Dec 6, 2018

Putting It All Together: A Winter Giveaway

Can you believe winter is almost here and 2018 is wrapping up.  It amazes me each year how quickly it goes.  I love the end of the year because it is a time to reflect and grow. 
One reflection you may make at this time of year, is the gaps that are closing or growing between some of your students. Where do you need to push forward and where do you need to back up a bit?

Currently, I have students that are well on their way to becoming more fluent readers, while others are continuing to struggle with letters and sounds.  It is time to push forward for some and pause for more explicit teaching for others.



Some students do not quite know the difference between a letter, word, and sentence (this is true for many of our kindergartners).  This Powerpoint visually shows students a letter.  How the letters make up words and the words make up sentences.   I made is a short video to show you a small part of the powerpoint. Click on the slide image to purchase (Free on 12/8/18-12/9/18 only).


My first graders know the difference between letters, words, and sentences, but may still have trouble seeing how they are interconnected. I wanted needed my students to really SEE the connections.  Out of that need...this was created.  It helps students to "put it all together."

This particular version is a review sheet of short vowels.  Students have the opportunity to read words with short vowel sounds, while also engaging in a short winter story.

When looking at this sheet.  You can see that it begins with letter sounds.  Students read each letter sound. 

The second part illustrates that the letters from the first part make up words.  Blend the words with students.

These words can then be found in phrases.  (This is a great time to talk about why we read in phrases and how it can help us to sound like fluent readers).

Finally, these phrases (which include words,  that are made from sounds) form sentences, paragraphs, and stories.

Every letter, word, and phrase connects to the winter story.

There are many different ways to use this sheet.   One way to use this sheet may be to take one colored marker and highlight all the letters for one particular word (for example: "hats").  Then highlight the word "hats" in the second part.  Highlight the phrase that "hats" is found in.  Finally, find the sentence with the word "hats" and highlight it.  This illustrates to the students the connection of the letters all the way down to the story.

This particular student illustrates another way to "put it all together."  She was working on short vowel sounds in words.  She highlighted the short vowels and looked at how the short vowel phrases could be found in the story.


While each student has their own individual needs, this sheet may be used differently in your classroom; however, the ultimate goal is for them to see how sounds, words, phrases, and sentences all build off of each other.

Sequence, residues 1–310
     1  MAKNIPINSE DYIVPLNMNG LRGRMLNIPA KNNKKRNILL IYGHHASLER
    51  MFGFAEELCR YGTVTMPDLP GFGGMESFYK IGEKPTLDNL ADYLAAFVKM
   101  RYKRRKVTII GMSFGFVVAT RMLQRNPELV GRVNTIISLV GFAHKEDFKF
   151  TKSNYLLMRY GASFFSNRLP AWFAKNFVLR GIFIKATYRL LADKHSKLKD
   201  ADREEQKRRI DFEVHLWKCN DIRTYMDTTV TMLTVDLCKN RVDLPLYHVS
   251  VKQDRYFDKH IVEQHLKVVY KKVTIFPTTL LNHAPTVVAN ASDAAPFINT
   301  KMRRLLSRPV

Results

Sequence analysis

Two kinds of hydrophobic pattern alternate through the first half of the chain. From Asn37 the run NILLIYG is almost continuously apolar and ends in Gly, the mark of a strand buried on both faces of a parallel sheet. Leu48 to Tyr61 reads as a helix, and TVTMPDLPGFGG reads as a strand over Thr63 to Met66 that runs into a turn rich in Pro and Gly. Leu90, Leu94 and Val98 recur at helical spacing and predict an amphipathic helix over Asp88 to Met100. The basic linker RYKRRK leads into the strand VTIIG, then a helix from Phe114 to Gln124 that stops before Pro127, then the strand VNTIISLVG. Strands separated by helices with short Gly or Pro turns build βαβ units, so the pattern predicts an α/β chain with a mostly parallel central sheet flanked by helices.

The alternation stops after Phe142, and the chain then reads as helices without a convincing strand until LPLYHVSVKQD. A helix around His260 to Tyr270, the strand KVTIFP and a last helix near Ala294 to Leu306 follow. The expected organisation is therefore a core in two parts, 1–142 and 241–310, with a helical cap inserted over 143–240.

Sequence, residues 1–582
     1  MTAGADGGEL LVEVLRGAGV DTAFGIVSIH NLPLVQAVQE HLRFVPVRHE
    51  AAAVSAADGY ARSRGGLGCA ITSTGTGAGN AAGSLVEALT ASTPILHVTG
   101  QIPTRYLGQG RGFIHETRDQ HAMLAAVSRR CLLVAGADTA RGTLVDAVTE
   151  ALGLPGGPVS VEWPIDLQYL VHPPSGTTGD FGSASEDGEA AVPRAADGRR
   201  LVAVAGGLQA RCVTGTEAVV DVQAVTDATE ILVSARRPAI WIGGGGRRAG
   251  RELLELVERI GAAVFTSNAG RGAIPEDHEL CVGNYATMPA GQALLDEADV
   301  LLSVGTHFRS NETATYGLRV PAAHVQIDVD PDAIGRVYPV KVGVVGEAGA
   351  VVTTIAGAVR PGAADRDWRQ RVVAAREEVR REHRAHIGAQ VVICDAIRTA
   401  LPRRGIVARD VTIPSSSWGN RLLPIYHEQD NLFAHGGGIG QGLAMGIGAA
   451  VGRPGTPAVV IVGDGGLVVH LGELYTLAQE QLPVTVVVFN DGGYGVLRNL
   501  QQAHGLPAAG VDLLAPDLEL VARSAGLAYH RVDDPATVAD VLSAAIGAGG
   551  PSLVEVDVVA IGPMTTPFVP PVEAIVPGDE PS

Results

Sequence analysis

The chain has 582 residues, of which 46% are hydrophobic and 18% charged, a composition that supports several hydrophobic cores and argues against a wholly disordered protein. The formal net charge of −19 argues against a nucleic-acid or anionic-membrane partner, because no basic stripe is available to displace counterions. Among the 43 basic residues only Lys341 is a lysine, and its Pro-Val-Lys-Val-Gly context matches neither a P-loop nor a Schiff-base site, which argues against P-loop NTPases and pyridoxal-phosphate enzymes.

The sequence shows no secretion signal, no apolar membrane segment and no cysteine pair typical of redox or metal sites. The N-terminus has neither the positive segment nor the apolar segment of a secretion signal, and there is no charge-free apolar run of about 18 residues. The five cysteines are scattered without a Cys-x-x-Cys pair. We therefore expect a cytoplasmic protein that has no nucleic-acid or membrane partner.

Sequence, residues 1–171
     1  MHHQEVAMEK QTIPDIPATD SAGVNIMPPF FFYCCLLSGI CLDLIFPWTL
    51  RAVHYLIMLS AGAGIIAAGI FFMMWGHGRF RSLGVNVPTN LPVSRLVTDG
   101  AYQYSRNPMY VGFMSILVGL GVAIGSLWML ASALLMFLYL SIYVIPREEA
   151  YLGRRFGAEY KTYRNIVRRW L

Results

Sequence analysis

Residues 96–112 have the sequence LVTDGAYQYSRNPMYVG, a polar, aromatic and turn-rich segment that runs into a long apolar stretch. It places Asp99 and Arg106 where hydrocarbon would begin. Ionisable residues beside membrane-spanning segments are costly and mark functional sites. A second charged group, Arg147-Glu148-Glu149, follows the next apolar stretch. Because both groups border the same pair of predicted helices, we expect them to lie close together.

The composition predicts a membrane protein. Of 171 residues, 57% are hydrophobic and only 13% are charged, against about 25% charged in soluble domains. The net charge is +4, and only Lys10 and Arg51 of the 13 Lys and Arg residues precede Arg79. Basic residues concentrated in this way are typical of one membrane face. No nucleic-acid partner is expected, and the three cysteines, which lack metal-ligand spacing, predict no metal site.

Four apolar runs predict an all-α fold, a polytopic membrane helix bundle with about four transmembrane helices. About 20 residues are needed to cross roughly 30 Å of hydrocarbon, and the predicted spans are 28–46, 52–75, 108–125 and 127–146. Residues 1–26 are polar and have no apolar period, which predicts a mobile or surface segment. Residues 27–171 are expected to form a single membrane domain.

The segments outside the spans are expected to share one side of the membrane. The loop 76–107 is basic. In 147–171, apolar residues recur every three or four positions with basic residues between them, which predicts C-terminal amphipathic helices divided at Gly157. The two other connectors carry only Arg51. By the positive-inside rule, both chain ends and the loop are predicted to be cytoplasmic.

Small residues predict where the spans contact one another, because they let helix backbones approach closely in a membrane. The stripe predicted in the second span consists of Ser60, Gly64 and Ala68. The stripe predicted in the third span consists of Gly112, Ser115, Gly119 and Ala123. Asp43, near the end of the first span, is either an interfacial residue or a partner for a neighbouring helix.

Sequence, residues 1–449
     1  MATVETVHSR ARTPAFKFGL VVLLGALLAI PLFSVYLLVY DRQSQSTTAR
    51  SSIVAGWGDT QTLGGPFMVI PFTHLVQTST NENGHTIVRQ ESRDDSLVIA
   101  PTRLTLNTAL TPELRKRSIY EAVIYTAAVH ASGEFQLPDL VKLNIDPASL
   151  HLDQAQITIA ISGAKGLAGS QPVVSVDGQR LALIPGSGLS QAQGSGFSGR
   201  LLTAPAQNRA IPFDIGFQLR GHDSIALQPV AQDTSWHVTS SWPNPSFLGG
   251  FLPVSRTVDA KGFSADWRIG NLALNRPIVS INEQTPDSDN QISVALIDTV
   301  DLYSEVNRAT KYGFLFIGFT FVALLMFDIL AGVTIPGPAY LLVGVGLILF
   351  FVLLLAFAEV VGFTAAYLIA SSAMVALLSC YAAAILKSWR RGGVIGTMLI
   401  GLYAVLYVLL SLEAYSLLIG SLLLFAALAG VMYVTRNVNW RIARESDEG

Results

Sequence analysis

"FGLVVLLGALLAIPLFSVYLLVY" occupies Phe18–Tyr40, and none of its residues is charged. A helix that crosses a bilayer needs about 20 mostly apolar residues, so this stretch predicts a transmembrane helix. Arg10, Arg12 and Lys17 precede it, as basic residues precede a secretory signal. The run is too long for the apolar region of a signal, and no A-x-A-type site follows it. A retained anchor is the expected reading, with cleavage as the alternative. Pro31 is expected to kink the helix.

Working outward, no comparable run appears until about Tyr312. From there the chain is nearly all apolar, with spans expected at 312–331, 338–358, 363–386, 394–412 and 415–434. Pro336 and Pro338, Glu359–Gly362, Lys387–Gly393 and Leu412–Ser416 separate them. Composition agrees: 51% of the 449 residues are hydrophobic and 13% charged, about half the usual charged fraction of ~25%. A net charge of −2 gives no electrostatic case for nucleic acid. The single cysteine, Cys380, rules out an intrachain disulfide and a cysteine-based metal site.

I hope that you can use these with your students.  You can grab a free copy by clicking on the winter edition image below.  If you are looking for more "focused" sheets, you can click on the second image.  This pack has a different phonics skill per sheet.  It is a great way to explicitly teach specific skills.


FREEBIE Putting it Together: letters, words, and sentencesPutting it all together: letters, words, and sentences

Not ready to use this?  Just pin it for later!


 Thanks for checking out these products.  Although this is just a stepping stone, our ultimate goal is to always get books into the hands of our students.  I love to support any local bookstores that I can, whether it be in my hometown or a city I'm visiting.  Please enter the giveaway below for your chance to win $25 to Half Price Books (www.hpb.com).


a Rafflecopter giveaway

For a chance at more $25 giftcards and free resources, check out the sites below!



5 comments:

  1. I just LOVE the putting it all together! What a helpful product. (I hope you continue to make more of these :-) I'm certain that these will help me, my students and other students in my building.
    Alyce

    ReplyDelete
    Replies
    1. I hope that they do help. Let me know if there are specific ones that will help your students.

      Delete
  2. I hope you continue to make more of these as well! I am going to use them with my first and second grade reading groups EVERY DAY! :)
    ~Jennifer

    ReplyDelete
    Replies
    1. I know that there is such variety in what will help intervention groups. Let me know if there are specific skills you need me to make. I am happy to do so.

      Delete
  3. These look really neat. I have a child or 2 who may benefit from something like this.

    ReplyDelete

We love to hear from you! We will reply through email or in a comment above. Thank you!!

01 09 10